With Library Week next week and a few other things happening, I have been thinking about my profession, what led me to come to this place and how what I do fits with who I am.
I am a librarian. I recommend you check out Librarian Idol’s recent post The Great I AM….. Andrew manages to express succintly how I feel about that. (thanks Andrew)
I decided that I wanted to be librarian in Grade 6. We had a great librarian at my school, who made the library fun and got me interested in more than reading, which I was already more than interested in.
Going through high school I think my teachers thought it unusual for anyone to be so dedicated to knowing what they wanted to do. They encouraged me to consider other options, one assessment required me to investigate another – my choice? Marine Biologist. How further apart can you get.
I never doubted that a librarian was what I was going to be. I was accepted into the course of my choice on first offers and was happy doing it. All confirmed what I had decided when I was 11. I was happiest with reference related subjects and that has held up for the 23 years since I graduated.
I am a born reference librarian. Anyone asks a question and I have to answer it, even if its a retrospective one. If there is a problem that needs to be solved that interests me, I need to find a solution. As a librarian, there have been a lot of such problems.
If you’re on Facebook, I recommend you try out their What kind of librarian are you application. Of course it came out with me being a reference librarian. I seem to know myself reasonably well by now.
What it said about me was: ” Reference Librarian” – You are a human search engine who always wins Trivial Pursuit. Logical, direct and clever, you’ll spend days tracking down bits of information, even though the patron who requested it has long since moved on. If you can stop beginning all of your sentences with “Well, actually” or “I’ve always found that…”, your co-workers will start talking to you again. Primary sources and well-structured databases make you quiver with excitement, and you probably stand the best chance of surviving Armageddon due to the breadth of knowledge tucked away among your little gray cells.“ For those of you who know me – stop laughing!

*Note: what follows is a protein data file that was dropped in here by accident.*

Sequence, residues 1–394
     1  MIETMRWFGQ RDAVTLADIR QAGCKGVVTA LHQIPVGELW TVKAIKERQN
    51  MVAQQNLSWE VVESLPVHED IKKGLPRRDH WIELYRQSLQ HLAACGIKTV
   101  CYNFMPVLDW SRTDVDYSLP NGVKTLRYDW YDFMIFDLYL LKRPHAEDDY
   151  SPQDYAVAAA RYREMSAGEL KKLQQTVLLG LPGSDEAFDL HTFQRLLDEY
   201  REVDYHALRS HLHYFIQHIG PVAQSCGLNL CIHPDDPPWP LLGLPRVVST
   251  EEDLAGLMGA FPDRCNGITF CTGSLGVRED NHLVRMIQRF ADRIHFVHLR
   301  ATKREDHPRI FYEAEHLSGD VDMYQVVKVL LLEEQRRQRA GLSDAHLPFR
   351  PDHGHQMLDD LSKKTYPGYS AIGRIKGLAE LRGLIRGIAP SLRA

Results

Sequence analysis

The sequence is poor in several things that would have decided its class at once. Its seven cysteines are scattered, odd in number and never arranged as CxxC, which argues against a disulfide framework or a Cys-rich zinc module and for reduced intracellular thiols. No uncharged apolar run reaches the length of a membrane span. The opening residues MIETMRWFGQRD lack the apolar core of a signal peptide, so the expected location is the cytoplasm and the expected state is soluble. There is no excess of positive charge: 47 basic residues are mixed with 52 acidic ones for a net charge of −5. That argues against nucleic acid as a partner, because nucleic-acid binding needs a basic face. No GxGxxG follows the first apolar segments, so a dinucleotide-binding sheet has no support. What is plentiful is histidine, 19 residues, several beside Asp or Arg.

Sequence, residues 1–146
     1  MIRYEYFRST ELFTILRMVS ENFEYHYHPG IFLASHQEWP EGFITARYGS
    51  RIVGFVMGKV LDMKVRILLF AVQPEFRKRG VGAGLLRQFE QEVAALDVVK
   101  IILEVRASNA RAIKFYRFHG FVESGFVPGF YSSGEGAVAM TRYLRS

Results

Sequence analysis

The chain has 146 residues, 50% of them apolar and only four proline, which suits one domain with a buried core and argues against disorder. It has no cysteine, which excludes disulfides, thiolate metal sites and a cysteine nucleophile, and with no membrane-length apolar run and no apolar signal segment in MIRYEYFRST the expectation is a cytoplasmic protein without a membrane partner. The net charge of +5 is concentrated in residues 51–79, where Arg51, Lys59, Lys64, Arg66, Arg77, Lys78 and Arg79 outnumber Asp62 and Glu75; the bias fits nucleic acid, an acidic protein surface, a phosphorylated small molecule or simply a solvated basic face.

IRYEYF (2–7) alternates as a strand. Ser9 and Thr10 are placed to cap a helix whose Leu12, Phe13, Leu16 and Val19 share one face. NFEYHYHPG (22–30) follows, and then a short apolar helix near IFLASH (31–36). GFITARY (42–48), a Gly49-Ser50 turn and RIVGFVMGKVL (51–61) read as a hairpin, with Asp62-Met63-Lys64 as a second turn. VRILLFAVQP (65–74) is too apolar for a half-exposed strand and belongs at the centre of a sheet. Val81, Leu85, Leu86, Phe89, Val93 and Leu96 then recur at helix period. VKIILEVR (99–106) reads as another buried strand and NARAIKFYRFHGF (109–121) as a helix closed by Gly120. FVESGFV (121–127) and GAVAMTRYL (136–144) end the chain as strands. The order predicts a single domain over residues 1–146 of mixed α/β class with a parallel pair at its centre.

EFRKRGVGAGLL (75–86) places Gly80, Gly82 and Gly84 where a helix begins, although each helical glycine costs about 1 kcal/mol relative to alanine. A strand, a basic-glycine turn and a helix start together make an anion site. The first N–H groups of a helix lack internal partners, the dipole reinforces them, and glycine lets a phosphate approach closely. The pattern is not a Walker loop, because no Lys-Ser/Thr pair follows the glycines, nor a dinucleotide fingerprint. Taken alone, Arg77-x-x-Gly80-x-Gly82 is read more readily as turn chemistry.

Well its not entirely true, I’ve moved on from pure information seeking for patron’s sakes (but still an entirely consuming personal passion, lol), onto the joy that the internet and bringing it to and using it for the benefit of our users.
Stepping back in time once again. (cue up music and shimmering screen as we go back – picture is in colour though, I’m not THAT old). In year 10 I did my work experience at a public library and didn’t think much of it. Not that it put me off being a librarian – I knew it could be better. However, it had me thinking that when I qualified, that I would work in a school or special library, because it would give me the variety I wanted. As such, I did my course placements in a school library and a special library. I enjoyed both those experiences and it seemed to confirm my chosen direction.
However, it was not to be. Whatever you believe in, God, fate, coincidence and my own fickle mind took me to where I never expected to go. I started applying for jobs towards the end of my final semester at Uni. One such job, was in a public library. I ignored it the first week I saw it, but when I saw it again the following week, for reasons unknown even to me after all this time, I applied. Was delighted to get an interview and awestruck when I got the job. Even moreso when reviewing my application letter later and saw the amount of typing errors still in the letter, even after the liberal use of correction fluid. (PCs weren’t around at that point – it was the good old portable typewriter).
When I first started work, there was an Apple IIc and an Apple IIe computer available for staff use only. I had never seen anything other than mainframes and dumb terminals, so they were totally new to me. But being a curious person (good librarian trait) and not scared to play (another good trait), I started learning and within 6 months, was the person everyone came to for help with them.
How things have changed since that day nearly 24 years ago.
So on reflection, what about me personally, has helped make me a good librarian. I’ve mentioned some of those things already, but here they are in list form:
- desire to learn
- information seeker
- question answerer
- like to make people happy (sometimes not such a good thing)
- not afraid of new things
- like to experiment
- like to share what I learn
- persistent and determined
And many more. They have all helped me to do a good job over the years and have helped me to be an ever improving librarian who loves what she does.
So what’s your story? What about you makes you a good librarian? Although Library Week is usually about promoting libraries to our communities, lets celebrate Library Week for ourselves as well by reaffirming our librarian-ness and being proud to say I am a librarian.